Information Governance

The European Union: Facing a New Employee Privacy Paradox

How access to private account activity may complicate business

How access to private accounts may complicate business

On January 12th, the European Court of Human Rights determined that an employee’s private chats sent during their work day are accessible by the employer. The ruling, naturally, called into question the sanctity of employee data privacy in the EU.

Bogdan Barbulescu, a Romanian engineer, was instructed to create a Yahoo Messenger account for business purposes during his time at the company between 2004-2007. At the same time, he occasionally accessed a separate personal Yahoo Messenger account that was not created for business, and had been established entirely for personal communication.  For several days in 2007, the corporation monitored the chats from this personal account and Barbulescu was subsequently terminated, with rationale being that he had broken company policy by using company time to access personal accounts.

Barbulescu took the case to the European Court of Human Rights after losing in Romania’s domestic court. The court found that the company had a clear policy around chats and messaging that stated that any communication during work hours could be monitored, and employees were also instructed not to have personal chats or messages at work.

The ruling comes as a bit of a shock to the European business community, which has traditionally been more protective of worker privacy rights than the US or Canada. It leaves doubts about any privacy of personal communications in the European workplace, and certainly raises more questions than it answers.  In fact, unrestricted access to personal email and messages may result in increased liability for businesses. Just because the enterprise is legally allowed to access personal content doesn’t mean that it *should* want to.

Organizations need to shed light on the following grey areas if they technically have the right to view personal accounts accessed at work.

  • Does this mean that employees can never use company devices and/or time to conduct personal business without risk of their private accounts being monitored?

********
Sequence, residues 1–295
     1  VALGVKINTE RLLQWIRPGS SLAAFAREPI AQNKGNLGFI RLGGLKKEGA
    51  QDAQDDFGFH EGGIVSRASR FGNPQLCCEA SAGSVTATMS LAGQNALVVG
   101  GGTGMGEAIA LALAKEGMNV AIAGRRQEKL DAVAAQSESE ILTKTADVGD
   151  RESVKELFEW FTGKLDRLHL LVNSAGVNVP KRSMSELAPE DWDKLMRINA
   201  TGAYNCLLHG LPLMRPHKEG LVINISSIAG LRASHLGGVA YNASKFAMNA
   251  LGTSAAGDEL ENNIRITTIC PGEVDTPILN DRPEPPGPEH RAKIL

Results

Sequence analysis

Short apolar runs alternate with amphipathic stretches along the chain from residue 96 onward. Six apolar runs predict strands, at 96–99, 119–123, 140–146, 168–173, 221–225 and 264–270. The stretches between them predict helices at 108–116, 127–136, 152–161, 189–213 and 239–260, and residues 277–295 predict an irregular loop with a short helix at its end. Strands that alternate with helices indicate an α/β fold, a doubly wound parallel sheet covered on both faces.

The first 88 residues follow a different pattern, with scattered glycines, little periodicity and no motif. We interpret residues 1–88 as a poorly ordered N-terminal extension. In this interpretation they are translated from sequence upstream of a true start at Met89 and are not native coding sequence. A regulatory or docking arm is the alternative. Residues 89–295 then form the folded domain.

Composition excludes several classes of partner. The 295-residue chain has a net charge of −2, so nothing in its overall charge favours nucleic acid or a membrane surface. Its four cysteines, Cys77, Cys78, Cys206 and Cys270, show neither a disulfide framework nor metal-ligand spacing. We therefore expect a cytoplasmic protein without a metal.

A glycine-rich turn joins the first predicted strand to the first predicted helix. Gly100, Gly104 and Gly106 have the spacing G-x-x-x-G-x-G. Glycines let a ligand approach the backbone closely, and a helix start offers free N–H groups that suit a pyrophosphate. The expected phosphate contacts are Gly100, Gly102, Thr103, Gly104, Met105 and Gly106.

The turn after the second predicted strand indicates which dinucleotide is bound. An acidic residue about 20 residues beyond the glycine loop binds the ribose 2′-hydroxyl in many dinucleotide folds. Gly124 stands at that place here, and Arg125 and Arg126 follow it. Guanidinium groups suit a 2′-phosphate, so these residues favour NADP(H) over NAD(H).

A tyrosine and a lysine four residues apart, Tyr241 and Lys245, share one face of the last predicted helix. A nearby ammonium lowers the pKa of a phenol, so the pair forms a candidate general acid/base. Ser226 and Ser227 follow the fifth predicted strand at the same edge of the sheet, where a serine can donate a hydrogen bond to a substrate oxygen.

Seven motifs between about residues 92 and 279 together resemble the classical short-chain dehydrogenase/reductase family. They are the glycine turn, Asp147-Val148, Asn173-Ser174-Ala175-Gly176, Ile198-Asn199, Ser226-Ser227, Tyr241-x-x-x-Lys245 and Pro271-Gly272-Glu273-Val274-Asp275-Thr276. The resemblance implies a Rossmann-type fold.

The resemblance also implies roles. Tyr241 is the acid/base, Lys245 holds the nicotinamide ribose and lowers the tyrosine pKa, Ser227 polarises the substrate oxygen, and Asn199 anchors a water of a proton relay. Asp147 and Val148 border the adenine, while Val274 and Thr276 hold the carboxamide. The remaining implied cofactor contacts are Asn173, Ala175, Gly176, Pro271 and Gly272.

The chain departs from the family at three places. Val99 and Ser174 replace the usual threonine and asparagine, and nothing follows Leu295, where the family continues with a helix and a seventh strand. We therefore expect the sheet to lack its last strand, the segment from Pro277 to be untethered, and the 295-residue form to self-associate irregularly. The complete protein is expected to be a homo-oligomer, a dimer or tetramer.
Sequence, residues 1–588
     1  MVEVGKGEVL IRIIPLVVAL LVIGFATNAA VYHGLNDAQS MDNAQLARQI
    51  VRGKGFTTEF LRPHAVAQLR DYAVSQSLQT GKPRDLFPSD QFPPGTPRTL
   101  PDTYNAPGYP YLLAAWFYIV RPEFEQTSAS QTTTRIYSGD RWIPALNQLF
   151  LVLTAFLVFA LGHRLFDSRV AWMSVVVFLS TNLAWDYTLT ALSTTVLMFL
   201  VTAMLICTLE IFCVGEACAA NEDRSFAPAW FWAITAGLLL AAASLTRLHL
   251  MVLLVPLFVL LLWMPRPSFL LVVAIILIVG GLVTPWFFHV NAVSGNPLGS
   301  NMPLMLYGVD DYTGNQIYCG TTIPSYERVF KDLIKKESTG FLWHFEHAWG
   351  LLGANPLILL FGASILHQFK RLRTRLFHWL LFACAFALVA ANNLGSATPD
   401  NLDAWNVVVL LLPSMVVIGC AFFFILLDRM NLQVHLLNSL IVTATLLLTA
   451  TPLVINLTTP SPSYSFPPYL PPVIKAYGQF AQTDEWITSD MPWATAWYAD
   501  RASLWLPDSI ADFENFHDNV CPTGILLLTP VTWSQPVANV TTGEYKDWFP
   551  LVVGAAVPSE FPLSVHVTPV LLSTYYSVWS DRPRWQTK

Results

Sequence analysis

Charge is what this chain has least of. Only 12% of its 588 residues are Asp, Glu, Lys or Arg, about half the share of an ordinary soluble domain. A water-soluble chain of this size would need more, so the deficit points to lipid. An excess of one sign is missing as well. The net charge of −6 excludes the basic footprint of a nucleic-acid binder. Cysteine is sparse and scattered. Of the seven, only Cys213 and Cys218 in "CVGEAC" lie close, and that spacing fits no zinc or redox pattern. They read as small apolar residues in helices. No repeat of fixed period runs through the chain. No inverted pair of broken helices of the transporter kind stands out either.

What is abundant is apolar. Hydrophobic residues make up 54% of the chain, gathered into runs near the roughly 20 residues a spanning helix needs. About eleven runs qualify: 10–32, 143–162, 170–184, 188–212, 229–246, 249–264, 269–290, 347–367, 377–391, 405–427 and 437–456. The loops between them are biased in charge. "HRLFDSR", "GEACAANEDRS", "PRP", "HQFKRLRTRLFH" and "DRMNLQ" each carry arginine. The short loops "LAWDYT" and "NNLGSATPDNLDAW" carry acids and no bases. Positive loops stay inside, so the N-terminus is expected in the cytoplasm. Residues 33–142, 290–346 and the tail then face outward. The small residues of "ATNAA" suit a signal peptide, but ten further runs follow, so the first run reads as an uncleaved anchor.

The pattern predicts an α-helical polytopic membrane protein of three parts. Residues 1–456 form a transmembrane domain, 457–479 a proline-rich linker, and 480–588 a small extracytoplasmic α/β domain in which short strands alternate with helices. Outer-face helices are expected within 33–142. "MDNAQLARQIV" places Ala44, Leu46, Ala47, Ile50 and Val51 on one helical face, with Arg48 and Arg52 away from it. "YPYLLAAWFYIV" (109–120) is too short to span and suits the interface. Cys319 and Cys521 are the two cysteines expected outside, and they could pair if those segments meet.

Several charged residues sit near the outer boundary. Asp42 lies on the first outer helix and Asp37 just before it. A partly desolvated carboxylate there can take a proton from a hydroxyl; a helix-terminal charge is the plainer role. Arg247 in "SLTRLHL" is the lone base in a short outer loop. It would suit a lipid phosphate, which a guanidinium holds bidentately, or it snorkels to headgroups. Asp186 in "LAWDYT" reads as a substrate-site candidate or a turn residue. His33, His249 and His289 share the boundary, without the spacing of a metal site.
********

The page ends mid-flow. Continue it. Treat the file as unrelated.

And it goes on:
• In today’s BYOD world, do employers have unrestricted access to data in any device that is also used for work purposes?
  • What constitutes “work hours?” Sales individuals and executives are often on call even when they’re away from the office.  Does this mean that employers have full access to this data 24/7?

These issues will take time to clarify, but in the meanwhile organizations must take some protective steps. The key is to create clear, documented policies that leave no room for ambiguity on the acceptable use of private accounts at work.

The dissenting judge in the European case made an argument that free speech is a fundamental human right, and by extension, access to means of free expression – such as the internet – should be a human right as well. Perhaps it’s not reasonable for companies to entirely prohibit access to private accounts while at work; it’s not uncommon for employees to spend 10+ hours of their day at their workplace. But policies are the clear first step for businesses to help create meaningful structure, and creating fair but clear policy (such as private activity only allowed during breaks) should help the enterprise sidestep some of the potential pitfalls of this new ruling.

Linda G. Sharp, Esq., MBA, is the Associate General Counsel for ZL Technologies. Her responsibilities include corporate legal matters and related legal product initiatives. Prior to joining ZL, Linda consulted with Fortune 500 companies and Top 200 law firms on federal investigations and large litigation matters. Linda writes and speaks regularly on the subjects of eDiscovery, records management and information governance. Linda is an expert in her field, with membership in the OLP Advisory Board, and Chair position with the AC C New to In-House Committee.